Little did I know when I was having all of these attacks that they weren't from meningitis, a pinched nerve, or bad feet. The doctors didn't seem to know either.

Praying, Crying, Hugging

Once I was diagnosed with MS, I prayed a lot, cried a lot, got lots of hugs. Everybody rallied around me and loved me through the whole ordealand I really needed it. The month I was diagnosed, October 2004, was particularly difficult for my whole family. The very week that I was diagnosed, my daughter broke her leg so badly in a bike accident that she had to be in a wheelchair. The next week, one of my husband's students fell off a golf cart and diedthe third to die at his small school within a year.

Prayer and lots of love from family and friends were the only things that got us through. I couldn't have asked for a better husband or better children. They were there for me the whole time.

During one of my MRIs, my husband stood beside the machine for almost an hour, holding my hand as my brain was being scanned. Many times, my husband, son, and daughter fixed my meals and brought them to me, even cutting up my meat because I couldn't do it myself. My officemates fixed my coffee and brought it to me because I was unable to pour from the coffee pot or lift my cup without both hands.

Coping With MS
No doctor has ever given me a prognosis. Sometimes, I wake up feeling very bad, but by that afternoon, I'm feeling pretty good.

I'm on the daily injection called Copaxone, which is a drug used to reduce how often people with MS have relapses. The idea is that this medicine is supposed to help me have fewer, and less severe, relapsesand I haven't suffered any major side effects. Now, to me, taking a shot is as easy as taking a pill. I am glad that I have good insurance, because a 30-day supply of Copaxone costs more than $1,600, but my co-pay is only $75.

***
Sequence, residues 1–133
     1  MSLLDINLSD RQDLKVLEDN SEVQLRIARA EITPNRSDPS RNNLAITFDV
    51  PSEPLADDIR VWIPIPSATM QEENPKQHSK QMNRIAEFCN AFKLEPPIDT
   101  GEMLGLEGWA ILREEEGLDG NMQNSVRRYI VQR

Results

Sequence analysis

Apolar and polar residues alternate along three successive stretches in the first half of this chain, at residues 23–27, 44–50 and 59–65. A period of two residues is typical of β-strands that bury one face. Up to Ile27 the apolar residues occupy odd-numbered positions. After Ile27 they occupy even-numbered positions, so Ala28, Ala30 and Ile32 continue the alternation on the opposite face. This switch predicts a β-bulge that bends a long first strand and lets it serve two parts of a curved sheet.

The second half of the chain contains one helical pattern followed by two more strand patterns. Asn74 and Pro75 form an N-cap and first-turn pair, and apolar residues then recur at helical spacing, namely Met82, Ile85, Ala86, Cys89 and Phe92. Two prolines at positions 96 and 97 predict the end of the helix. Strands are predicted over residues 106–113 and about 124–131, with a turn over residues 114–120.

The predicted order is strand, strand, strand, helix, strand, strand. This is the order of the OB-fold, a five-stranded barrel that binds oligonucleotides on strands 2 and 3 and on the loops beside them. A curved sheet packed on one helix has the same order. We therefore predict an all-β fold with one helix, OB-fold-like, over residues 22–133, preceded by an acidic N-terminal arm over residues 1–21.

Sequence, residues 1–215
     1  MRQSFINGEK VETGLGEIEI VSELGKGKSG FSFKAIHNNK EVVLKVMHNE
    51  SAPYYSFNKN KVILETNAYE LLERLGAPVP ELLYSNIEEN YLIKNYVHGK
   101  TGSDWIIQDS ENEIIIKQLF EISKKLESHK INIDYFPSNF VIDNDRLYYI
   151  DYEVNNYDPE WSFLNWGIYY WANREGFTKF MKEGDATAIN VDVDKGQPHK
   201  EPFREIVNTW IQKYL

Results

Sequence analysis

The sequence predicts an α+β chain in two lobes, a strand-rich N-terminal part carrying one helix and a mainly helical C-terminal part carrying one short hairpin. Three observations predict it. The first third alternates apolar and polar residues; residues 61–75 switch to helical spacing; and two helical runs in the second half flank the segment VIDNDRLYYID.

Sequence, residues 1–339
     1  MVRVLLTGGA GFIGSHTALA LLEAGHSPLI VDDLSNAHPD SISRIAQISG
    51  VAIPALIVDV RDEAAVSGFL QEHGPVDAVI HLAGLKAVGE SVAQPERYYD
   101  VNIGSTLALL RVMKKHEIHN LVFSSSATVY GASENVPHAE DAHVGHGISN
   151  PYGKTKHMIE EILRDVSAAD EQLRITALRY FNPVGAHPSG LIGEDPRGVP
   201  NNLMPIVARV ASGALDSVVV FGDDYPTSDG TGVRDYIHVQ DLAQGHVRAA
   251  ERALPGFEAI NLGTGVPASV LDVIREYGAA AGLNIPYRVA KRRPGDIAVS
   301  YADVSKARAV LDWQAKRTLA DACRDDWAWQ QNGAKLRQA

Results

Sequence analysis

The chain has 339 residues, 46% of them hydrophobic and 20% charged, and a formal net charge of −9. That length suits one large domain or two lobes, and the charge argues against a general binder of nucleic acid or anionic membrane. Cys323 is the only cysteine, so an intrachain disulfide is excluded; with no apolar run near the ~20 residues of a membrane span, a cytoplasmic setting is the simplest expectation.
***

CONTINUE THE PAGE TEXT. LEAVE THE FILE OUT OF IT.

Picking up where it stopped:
When I do have flare-ups, I get a daily IV treatment of Solu-Medrol, which is a steroid. I have also taken oral steroids.

Learning to Pace Myself
I do things at my own pace now, in the comfort of my recliner and wearing my jammies. Pace yourself has become the standard phrase in our household. When I do feel well, I want to do everything, but I usually pay for it over the next day or so by having to stay in bed.

My expectations no longer match my abilities. I have had to change my goals and praise myself for small successes. Cooking a meal for my family is a success now. My husband says he has no expectations for me at home, so I do what I can and forget the rest, thanks to the housekeeper who comes in once a week.

Even though I've slowed down, I do not consider myself handicapped or disabled. I'm physically inconveniencedsometimes! I want people to understand what MS is, and that most people with it don't end up permanently in a wheelchair.

I had an amazing spiritual moment one day before I was diagnosed. My husband and I had just left the neurologist's office and I wasn't walking well that day, so I waited for him to get the car. I suddenly noticed, on top of the railing in the parking garage, a small silver cross with these words, Jesus Christ is Lord. Since I have a deep faith is God, I knew right then that I had been sent a promise that no matter what happened to me, I would handle it. At that point, I felt relief and gained courage. I had never before had a spiritual moment like that, and I carry the cross with me every day.